Dr. Meredyth Arnott, PT, DPT, GCS is the Director of Clinical Education and Assistant Professor at the Nashville campus DPT program. Dr. Arnott earned a Doctor of Physical Therapy from the University of South Dakota (2014) and a BS in Physical Therapy from Georgia State University (1995). She is a Board Certified Geriatric Clinical Specialist, holds CAPP-1 certification in pelvic floor physical therapy from APTA and is a vestibular therapist with Advanced Competency (Herdman/Clendaniel) credentials. She has served as a clinical instructor since 1996 and is a certified APTA Clinical Instructor. Dr. Arnott has been teaching post-professional Physical Therapy DPT and entry-level DPT education beginning in 2017, utilizing online and hybrid formats. Her teaching areas include geriatrics and physical therapy professional practice. Her scholarship interests include clinical rotation student assessments, geriatric care accessibility, and rural health with focus on pelvic floor treatment. Her current area of clinical practice is home health, with prior experience in acute, inpatient rehabilitation, outpatient, skilled nursing/transitional care centers and day hospital facilities.
Dr. Carrie Minahan, PT, DPT, MS, NCS is the Director of Curriculum and Assistant Professor at the Nashville campus DPT Program. She holds a Doctor of Physical Therapy from Russell Sage College (2010), a Master’s of Science in Neurological Physical Therapy from Massachusetts General Hospital Institution of Health Professions (1998) and a Bachelor’s of Science in Physical Therapy from University of Vermont (1994). She holds the Neurological Clinical Specialist Certification (Emeritus) through the American Board of Physical Therapy Specialties. Dr. Minahan’s clinical certifications and primary patient care interests within neurology are vestibular rehabilitation, hippotherapy, with a special interest in balance disorders and brain injury. She has a graduate certification from Johns Hopkins University School of Education in Mind, Body and Teaching and Hybrid Teaching certification from Evidence in Motion. Her scholarship interests are related to physical therapy neurological interventions specific to motor control/motor learning, and teaching and learning within DPT education with a science of learning focus. She taught in entry-level DPT education as an adjunct (2010-2015) and as core full-time faculty since 2015. Her teaching areas include clinical anatomy, pathology, advanced neurological interventions, clinical neuroscience, and neurological patient care management.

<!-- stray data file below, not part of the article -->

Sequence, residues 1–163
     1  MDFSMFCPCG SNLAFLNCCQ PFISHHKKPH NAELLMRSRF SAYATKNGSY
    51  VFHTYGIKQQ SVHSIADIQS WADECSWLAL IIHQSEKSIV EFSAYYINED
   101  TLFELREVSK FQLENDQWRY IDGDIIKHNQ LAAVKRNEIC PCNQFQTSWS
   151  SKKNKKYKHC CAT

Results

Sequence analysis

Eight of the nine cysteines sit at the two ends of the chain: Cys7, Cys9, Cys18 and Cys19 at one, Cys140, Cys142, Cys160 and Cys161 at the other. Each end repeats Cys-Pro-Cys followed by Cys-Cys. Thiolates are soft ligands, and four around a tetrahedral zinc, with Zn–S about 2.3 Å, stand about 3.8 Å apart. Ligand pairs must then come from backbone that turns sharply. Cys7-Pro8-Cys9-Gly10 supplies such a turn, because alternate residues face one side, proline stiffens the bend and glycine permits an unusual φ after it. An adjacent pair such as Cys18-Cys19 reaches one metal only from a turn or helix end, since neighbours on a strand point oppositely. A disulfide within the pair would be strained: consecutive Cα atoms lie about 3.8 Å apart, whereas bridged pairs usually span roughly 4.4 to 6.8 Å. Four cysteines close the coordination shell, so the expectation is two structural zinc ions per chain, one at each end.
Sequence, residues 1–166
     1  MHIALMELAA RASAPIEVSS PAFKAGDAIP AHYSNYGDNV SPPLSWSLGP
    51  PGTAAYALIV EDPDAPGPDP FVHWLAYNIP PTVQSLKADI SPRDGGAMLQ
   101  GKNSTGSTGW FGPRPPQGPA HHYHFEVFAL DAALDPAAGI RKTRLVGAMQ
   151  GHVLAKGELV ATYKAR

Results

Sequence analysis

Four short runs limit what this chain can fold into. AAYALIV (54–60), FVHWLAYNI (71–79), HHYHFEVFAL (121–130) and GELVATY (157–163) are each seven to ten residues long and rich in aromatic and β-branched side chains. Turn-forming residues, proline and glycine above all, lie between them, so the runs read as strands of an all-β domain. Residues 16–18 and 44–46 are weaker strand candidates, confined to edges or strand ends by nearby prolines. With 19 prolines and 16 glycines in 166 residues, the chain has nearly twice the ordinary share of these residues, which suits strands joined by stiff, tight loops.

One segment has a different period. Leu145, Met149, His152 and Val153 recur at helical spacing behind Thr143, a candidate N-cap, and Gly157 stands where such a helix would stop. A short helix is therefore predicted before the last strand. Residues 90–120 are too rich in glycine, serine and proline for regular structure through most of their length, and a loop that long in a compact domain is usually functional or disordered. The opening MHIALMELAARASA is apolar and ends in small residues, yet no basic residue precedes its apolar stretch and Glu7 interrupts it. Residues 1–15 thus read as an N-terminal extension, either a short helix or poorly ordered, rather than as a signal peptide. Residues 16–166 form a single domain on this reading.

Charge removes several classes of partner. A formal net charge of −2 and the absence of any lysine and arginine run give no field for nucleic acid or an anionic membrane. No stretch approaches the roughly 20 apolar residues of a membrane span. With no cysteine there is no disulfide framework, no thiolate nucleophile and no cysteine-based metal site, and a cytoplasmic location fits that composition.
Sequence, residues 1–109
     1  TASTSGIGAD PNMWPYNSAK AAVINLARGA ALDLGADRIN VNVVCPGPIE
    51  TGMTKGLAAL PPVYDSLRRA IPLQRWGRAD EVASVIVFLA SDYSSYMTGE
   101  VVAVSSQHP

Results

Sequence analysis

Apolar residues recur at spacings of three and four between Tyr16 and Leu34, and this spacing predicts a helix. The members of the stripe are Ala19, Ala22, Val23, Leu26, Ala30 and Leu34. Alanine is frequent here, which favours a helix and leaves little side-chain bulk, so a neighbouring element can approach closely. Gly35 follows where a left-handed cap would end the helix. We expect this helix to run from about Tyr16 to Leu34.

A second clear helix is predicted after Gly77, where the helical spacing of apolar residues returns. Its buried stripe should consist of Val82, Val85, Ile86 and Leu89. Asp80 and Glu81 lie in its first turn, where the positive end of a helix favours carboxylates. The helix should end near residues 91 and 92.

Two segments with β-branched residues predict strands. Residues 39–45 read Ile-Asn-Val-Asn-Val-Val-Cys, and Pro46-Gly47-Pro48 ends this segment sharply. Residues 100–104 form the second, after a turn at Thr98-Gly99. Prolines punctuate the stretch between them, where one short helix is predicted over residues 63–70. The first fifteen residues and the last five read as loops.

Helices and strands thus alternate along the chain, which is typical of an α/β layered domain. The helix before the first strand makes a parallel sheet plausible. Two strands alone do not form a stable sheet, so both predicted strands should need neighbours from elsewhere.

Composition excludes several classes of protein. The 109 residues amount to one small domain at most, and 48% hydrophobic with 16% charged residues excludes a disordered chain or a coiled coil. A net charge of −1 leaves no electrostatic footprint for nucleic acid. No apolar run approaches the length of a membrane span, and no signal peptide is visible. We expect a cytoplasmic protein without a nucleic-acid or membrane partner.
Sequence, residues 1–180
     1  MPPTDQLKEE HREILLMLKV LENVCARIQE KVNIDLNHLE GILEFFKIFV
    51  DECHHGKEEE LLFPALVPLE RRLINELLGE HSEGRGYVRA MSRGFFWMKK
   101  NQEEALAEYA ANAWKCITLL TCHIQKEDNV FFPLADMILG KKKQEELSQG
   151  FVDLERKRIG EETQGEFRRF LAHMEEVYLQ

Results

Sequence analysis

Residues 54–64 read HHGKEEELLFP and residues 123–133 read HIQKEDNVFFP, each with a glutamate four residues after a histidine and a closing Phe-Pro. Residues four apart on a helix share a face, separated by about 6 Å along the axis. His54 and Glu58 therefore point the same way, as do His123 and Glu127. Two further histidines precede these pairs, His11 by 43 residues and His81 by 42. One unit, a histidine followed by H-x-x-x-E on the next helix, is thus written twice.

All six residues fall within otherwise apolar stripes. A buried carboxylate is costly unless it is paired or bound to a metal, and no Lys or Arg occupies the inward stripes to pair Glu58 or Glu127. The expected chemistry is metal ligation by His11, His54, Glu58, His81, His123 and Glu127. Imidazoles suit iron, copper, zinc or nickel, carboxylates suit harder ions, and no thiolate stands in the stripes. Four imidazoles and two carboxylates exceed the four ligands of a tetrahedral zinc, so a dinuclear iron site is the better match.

Doctor of Physical Therapy – Nashville
South College Nashville is seeking accreditation of a new physical therapist education program from CAPTE. The program is planning to submit an Application for Candidacy, which is the formal application required in the pre-accreditation stage, on December 01, 2023. Submission of this document does not assure that the program will be granted Candidate for Accreditation status. Achievement of Candidate for Accreditation status is required prior to implementation of the professional phase of the program; therefore, no students may be enrolled in professional courses until Candidate for Accreditation status has been achieved. Further, though achievement of Candidate for Accreditation status signifies satisfactory progress toward accreditation, it does not assure that the program will be granted accreditation.
Commission on Accreditation in Physical Therapy Education (CAPTE), 3030 Potomac Ave., Suite 100, Alexandria, Virginia 22305-3085; phone; 703-706-3245; [email protected]
IMPLICATIONS OF SEPTEMBER GRADUATION The developing physical therapy program at South College Nashville is planning for a charter class graduation in September 2026. Initial accreditation decisions are acted upon at the next regularly scheduled Fall Meeting of the Commission following the on-site visit, which must occur during the penultimate term when the charter class is enrolled. CAPTE will not make exceptions to its Rules to accommodate graduation dates that precede regularly scheduled CAPTE meeting dates, e.g., graduation in the summer. A summer graduation does not allow the initial accreditation decision to occur prior to the graduation date. The Federation of State Boards of Physical Therapy (FSBPT) sets the dates for licensing exams. The first sitting for which students with a September graduation date would be in January. Therefore, the timing of the planned graduation date increases the likelihood of a significant financial disadvantage for students due to an approximate six month delay in possible employment as a Physical Therapist.